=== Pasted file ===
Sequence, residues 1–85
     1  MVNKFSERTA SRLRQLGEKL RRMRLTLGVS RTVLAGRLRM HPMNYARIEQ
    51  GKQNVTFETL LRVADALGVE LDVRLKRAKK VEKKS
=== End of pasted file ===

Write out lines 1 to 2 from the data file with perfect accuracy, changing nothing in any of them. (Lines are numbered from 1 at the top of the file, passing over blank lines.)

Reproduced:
Sequence, residues 1–85
     1  MVNKFSERTA SRLRQLGEKL RRMRLTLGVS RTVLAGRLRM HPMNYARIEQ